The Future Primitives represent the perfect paradox. Their name embodies something that’s so clearly a contradiction, but I can quite easily be convinced of its truth. The Cape Town three-piece offer up an analogue haze reminiscent of the 60s while also managing to embody all the angst that’s built up and frothed over since. Uncompromising in their energy and dedication to their sound, Johnny Tex, Heino Retief and Warren Fischer are shaping up to be a formidable force, and they probably couldn’t care less.
The band has been renowned for doing it their own way. Retaining much of their mystery since their inception in 2011, it’s clear that they’re doing it for the music. Into the Primitive is the bands’ second LP, to be released on European vinyl revivalists and vintage rock enthusiasts, Groovie Records, after their debut This Here’s The Future Primitives was released in March last year. It’s also their first recording to be released via Swiss indie label, Voodoo Rhythm Records.
Compared to their debut, Into the Primitive is slightly less Psych-rock and more straightforward proto-punk, surf and garage rock. With a few exceptions, the vast majority of tracks are two-minute stirring whirrs of frantic wet feedback and reverb. What is truly remarkable though is the way they are readily able to capture their vitriolic live presence directly onto tape – a problem that plagues many out-and-out rock bands.
Album opener ‘Into the Primitive’ sets the tone with a relentlessly hypnotic mantra. This rhythmic hypnosis echoes throughout the album, and on ‘Always Come Back Home’, the interplay between Heino (Bass) and Warren (Drums) establish a solid foundation for a song that envelops you in the moment completely, not allowing you either to speed up or slow down.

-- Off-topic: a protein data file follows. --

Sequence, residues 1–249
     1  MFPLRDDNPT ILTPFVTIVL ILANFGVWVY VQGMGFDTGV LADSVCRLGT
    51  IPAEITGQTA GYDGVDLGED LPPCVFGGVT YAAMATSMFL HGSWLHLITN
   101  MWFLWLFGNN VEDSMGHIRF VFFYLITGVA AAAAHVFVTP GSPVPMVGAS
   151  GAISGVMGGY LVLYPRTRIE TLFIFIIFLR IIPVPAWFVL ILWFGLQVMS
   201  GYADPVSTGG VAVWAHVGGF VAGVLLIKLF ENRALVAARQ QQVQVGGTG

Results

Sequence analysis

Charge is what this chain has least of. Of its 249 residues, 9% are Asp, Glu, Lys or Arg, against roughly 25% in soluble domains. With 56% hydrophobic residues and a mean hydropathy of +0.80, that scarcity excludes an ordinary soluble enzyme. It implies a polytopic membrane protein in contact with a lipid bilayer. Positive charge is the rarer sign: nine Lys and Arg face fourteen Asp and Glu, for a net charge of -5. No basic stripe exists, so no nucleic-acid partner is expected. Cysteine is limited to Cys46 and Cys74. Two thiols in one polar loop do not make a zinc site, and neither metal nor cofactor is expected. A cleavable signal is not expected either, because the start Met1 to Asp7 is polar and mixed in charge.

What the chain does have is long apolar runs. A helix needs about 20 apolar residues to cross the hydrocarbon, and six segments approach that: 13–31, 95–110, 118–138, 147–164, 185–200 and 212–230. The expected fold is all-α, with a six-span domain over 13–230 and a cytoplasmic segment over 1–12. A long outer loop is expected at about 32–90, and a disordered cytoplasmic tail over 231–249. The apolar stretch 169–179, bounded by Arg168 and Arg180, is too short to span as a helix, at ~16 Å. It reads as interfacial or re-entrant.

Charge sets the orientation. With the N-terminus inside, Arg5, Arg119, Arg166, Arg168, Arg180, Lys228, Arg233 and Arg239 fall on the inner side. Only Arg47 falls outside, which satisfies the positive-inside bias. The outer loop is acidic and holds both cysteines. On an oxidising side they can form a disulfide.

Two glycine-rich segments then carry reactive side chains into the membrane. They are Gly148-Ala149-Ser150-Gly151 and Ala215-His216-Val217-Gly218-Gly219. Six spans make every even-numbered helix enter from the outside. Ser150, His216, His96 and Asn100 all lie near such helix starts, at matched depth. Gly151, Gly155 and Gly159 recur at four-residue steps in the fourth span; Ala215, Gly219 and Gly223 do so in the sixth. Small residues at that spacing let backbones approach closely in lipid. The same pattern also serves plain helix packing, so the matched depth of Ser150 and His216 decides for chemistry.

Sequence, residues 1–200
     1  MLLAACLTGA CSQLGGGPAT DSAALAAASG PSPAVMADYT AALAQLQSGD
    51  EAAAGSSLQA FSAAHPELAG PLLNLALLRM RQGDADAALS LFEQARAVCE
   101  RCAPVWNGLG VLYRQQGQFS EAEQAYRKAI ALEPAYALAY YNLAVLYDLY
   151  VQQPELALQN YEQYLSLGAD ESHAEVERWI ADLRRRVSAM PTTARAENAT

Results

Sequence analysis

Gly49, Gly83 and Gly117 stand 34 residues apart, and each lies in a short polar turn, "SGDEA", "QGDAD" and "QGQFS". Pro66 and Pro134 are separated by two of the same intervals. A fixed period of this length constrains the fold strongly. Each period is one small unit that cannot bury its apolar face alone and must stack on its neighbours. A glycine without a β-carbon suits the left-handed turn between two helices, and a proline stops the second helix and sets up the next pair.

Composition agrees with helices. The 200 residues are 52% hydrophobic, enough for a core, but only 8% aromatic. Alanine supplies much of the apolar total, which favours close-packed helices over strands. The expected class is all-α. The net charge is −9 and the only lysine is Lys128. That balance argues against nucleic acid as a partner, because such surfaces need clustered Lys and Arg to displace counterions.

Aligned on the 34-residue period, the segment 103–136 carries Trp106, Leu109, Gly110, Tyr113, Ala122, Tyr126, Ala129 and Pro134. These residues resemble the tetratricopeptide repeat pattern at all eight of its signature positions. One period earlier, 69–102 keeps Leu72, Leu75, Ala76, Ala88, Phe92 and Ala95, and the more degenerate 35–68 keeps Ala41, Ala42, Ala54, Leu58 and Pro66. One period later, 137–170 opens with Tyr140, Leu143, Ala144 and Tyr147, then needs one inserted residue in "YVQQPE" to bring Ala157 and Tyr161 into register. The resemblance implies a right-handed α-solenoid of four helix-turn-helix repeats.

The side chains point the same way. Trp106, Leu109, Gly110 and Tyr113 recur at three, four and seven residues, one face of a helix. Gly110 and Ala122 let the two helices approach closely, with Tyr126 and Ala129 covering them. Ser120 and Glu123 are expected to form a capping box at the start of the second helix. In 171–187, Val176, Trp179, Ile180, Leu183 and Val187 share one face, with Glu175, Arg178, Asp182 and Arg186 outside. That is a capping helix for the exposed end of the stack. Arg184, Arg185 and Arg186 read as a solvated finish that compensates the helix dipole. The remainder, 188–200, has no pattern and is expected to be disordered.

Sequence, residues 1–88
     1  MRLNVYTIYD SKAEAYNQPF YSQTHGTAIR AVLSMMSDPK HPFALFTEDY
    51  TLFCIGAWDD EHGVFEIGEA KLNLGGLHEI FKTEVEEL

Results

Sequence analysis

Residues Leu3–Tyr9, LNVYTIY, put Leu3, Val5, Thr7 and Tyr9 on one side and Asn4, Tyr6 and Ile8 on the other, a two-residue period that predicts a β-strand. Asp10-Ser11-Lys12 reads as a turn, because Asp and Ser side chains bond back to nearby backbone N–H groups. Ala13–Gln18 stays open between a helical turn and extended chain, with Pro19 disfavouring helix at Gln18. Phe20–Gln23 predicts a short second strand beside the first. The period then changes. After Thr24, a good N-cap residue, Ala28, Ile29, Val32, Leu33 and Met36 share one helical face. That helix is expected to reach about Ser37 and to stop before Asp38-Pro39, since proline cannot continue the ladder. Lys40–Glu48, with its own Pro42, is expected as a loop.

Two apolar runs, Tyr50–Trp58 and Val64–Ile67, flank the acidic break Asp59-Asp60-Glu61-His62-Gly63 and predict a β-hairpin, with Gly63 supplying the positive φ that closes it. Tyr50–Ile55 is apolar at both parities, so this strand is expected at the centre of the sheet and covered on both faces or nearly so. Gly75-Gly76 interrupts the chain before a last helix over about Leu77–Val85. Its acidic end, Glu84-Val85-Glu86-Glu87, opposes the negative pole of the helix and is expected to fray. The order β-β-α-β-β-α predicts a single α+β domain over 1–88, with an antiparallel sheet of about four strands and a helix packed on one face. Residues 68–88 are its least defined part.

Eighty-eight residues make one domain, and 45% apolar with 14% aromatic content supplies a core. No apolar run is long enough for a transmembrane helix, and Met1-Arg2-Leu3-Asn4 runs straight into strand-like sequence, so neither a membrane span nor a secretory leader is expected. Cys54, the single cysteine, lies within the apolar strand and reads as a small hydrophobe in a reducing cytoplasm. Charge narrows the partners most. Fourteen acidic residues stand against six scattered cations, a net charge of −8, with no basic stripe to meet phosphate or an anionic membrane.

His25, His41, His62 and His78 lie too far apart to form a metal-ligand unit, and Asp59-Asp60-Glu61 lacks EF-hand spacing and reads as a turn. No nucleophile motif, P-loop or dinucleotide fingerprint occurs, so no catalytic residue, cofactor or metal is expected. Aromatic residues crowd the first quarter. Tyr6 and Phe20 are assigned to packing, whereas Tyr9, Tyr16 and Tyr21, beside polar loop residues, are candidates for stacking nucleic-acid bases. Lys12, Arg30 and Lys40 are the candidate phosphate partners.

These Psychedelic feelings emit from both the warmth of the guitars and the cyclical unrelenting drumming. Having been mixed and mastered by Johnny Tex, it’s evident from the fanatical attention to the methods of recording that he is adamant about the type of sound he wishes produce. Each setting on every mic, pedal and amp is fine-tuned to convey a sound that would be right at home with the likes of Captain Beefheart or Iggy and the Stooges, all the while mainlining The Seeds.
‘In and Out’ offers a more chilled out, straight up surf rock pop anthem while one of two covers on the album, The Human Expression’s ‘Every Night’, motions a darker introspective glance into a more broody slow burner. The final track ‘Without a Feeling’ picks up where ‘Every Night’ leaves off, raging in and easing out of a deafening chorus that has Johnny Tex yelling “Without a feeling/oh oh oh/Without a feeling” – quite possible the future soundtrack to many a session at the pit.
The magic lies in their simplicity. With a minimal amount of chord change it’s possible to delve into every inch of the sound, progressing and exploring. This is much like what James Blake does with his repetitive and distorted vocal samples. The real difference here however is that Blake’s work is all digital; The Future Primitives are 100% analogue.
In the midst of the seemingly endless stream of music being released these days, by going into the primitive the Future Primitives are able to offer something of immense quality, true craft, and authenticity. The sound of Into the Primitive is not only primitive in terms of its reference and styling but also in terms of its attitude and the reaction it draws out of the listener. Do you remember the first time you heard The Sonics? You know, while the band’s name may not necessarily ring a bell, your body is likely to remember that hook. It’s pure instinct, something you can’t ignore. It’s Into the Primitive.
Tell us what you think here.